Spiny Softshell Turtle
Facts about Spiny Softshell Turtle. "Scientific name for Spiny Softshell Turtle is Apalone spinifera spinifera". Spiny Softshell Turtle is an Apalone variety of turtle that is one of the members of the Trionychidae family. The Spiny Softshell Turtle is native to North America, and it is one among the biggest freshwater turtle varieties in its native range. The Spiny Softshell Turtle attains its name due to its spiny, funnel-like protuberances on the leading rim of its carapace that are not scales. The Spiny Softshell Turtle has an extensive range, extending all through the major parts of the United States, in addition to north into the Quebec and Ontario provinces of Canada, and south into the states of Mexico, such as Nuevo León, Tamaulipas, Chihuahua and Coahuila. These turtles mostly live in rivers, marshes, lakes, farm ponds, including the Great Lake bays.
Features of Spiny Softshell Turtle
The Spiny Softshell Turtle is a freshwater turtle that attains a maximum shell length, ranging from 5 inches to 18 7/8 inches (12 to 45 cm) when fully grown. The Spiny Softshell Turtles have soft, even, circular carapaces with no scutes. The borders are flexible with tiny spines, and contain the spines on the posterior fraction of the carapace. The Spiny Softshell Turtle have a longer nose, tapered, and overturned at the tip with ridges.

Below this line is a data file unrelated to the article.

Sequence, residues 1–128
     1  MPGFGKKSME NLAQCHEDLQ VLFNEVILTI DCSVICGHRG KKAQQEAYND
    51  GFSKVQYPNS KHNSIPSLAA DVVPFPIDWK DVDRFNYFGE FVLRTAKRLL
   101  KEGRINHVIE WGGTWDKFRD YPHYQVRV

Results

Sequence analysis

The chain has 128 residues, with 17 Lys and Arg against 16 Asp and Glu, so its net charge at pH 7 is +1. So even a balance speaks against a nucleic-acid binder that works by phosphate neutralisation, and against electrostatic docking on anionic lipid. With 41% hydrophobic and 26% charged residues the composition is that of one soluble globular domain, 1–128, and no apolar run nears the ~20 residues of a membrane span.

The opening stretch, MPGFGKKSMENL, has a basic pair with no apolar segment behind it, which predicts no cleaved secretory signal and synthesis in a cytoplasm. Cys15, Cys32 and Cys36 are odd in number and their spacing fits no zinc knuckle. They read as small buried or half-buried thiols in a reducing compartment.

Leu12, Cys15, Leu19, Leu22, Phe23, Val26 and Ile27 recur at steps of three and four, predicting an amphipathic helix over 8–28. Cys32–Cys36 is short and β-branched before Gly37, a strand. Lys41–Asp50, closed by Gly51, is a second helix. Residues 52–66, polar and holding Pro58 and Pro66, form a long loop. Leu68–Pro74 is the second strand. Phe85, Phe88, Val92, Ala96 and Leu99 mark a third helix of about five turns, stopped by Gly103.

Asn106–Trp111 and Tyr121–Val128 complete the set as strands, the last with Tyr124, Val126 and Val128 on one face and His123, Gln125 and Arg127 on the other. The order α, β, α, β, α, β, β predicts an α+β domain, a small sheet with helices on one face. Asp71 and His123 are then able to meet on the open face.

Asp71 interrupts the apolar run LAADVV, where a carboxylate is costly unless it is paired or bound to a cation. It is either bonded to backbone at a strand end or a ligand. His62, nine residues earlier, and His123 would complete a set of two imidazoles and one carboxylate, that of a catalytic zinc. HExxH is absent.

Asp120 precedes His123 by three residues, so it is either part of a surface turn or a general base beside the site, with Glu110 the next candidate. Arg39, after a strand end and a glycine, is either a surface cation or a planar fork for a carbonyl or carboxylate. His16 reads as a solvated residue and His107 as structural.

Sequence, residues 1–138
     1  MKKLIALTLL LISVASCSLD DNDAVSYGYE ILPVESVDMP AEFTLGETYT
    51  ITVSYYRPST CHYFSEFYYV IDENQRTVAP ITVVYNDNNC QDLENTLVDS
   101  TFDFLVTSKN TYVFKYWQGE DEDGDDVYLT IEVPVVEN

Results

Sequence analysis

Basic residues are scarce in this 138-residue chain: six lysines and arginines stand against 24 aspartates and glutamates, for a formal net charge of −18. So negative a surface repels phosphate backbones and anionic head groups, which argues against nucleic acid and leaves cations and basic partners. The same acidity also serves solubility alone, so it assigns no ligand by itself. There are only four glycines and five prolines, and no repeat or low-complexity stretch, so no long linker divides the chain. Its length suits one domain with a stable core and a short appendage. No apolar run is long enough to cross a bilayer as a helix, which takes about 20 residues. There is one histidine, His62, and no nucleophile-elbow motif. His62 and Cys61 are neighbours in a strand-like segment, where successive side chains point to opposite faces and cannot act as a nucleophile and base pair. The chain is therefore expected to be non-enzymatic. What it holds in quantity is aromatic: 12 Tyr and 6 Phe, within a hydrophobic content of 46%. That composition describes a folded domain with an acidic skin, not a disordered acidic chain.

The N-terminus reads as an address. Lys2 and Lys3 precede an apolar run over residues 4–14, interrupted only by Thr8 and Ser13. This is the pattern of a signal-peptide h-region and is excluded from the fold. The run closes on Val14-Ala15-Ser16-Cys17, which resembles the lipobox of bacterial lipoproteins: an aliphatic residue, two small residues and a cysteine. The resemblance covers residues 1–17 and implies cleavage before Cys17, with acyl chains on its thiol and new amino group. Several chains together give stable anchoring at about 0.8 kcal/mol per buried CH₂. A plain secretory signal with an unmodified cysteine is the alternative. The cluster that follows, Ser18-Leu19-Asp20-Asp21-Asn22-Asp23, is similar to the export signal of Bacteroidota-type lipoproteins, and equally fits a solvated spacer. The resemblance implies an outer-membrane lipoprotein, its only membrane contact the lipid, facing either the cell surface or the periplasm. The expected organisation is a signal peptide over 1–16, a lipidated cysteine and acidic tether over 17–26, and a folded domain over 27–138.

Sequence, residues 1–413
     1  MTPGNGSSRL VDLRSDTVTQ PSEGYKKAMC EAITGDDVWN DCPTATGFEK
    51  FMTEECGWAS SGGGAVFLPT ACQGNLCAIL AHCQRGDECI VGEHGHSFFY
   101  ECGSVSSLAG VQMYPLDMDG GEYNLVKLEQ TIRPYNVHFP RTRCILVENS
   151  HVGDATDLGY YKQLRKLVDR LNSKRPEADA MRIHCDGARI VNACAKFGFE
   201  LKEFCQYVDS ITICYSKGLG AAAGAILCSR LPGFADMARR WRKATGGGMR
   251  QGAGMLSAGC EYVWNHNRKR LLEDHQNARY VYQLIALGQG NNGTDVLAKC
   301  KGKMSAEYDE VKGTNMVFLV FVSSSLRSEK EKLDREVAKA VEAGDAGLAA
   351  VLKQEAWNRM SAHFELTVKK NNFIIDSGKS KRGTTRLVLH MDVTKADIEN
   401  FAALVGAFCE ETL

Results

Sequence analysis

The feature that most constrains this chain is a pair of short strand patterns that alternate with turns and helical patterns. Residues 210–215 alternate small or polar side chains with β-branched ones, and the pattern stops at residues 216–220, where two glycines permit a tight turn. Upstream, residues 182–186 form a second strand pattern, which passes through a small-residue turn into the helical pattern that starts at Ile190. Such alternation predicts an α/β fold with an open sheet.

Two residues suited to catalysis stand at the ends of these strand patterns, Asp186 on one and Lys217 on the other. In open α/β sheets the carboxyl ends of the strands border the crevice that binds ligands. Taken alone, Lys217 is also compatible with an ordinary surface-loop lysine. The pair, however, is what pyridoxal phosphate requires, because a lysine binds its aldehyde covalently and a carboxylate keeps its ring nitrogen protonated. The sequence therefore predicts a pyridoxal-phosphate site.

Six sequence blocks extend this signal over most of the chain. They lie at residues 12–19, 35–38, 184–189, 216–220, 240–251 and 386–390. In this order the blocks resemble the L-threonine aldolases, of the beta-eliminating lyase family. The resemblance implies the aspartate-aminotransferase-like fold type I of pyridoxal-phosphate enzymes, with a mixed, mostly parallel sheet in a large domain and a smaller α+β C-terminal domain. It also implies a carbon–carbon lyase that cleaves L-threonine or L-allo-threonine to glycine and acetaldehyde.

The Spiny Softshell Turtle has two black-edged yellow color stripes that go along its neck. The plastron of the turtle is yellow or white in color, with the underneath visible bones. They have webbed feet with claws that make them swim easily in rivers and streams. The Spiny Softshell Turtle have a brown or olive color body, with black color speckles and a dark border about the rim of their carapace.
There is a slight sexual dimorphism in Spiny Softshell Turtle breeds. Adult male turtles maintain the yellow and olive coloration of their juveniles, with black color eyespots, and have somewhat a rougher carapace than females. These are smaller than female turtles, with the length, ranging from 12.7 cm to 24 cm (5 to 9 1/2 inches). Furthermore, males have thicker and longer tails than female Spiny Softshell Turtles. The female turtles have a dark color carapace during maturity and it will turn into a mottled gray later. The length of the female carapace ranges from 9 1/2 to 19 inches (24 cm to 48 cm) and the tail hardly extends past the border of her carapace.
Diet of Spiny Softshell Turtle
The Spiny Softshell Turtle breeds are carnivores, and they mostly feed on amphibian, insects, fish, mollusks, marine crustaceans and terrestrial worms.
Reproduction of Spiny Softshell Turtle
Both male and female Spiny Softshell Turtle attains the sexual maturity after they attain the age between 8 years and 10 years of age. Mating in these turtles will take place more than once in a single season. The mating season in the Spiny Softshell Turtles starts during middle spring and continues until late spring in deep water. The male turtle will push the head of the female turtle during swimming, and if she decides to mate, the male turtle will swim over the female devoid of clasping her by means of his claws. After some months, the female Spiny Softshell Turtle lays her eggs quickly along a sunlit sandbar or gravel bank in a flask-shaped hollow space that she has excavated near the water. The female turtle will lay circular, calcareous-crusted eggs, ranging from 9 to 38. It will lay its eggs about August and September, and they will hatch during the spring season. In the Spiny Softshell Turtle, the gender of the hatchlings is not decided by the variations in temperatures, but it is decided by hereditary.
The average lifespan of the Spiny Softshell Turtle is more than 50 years in the wild.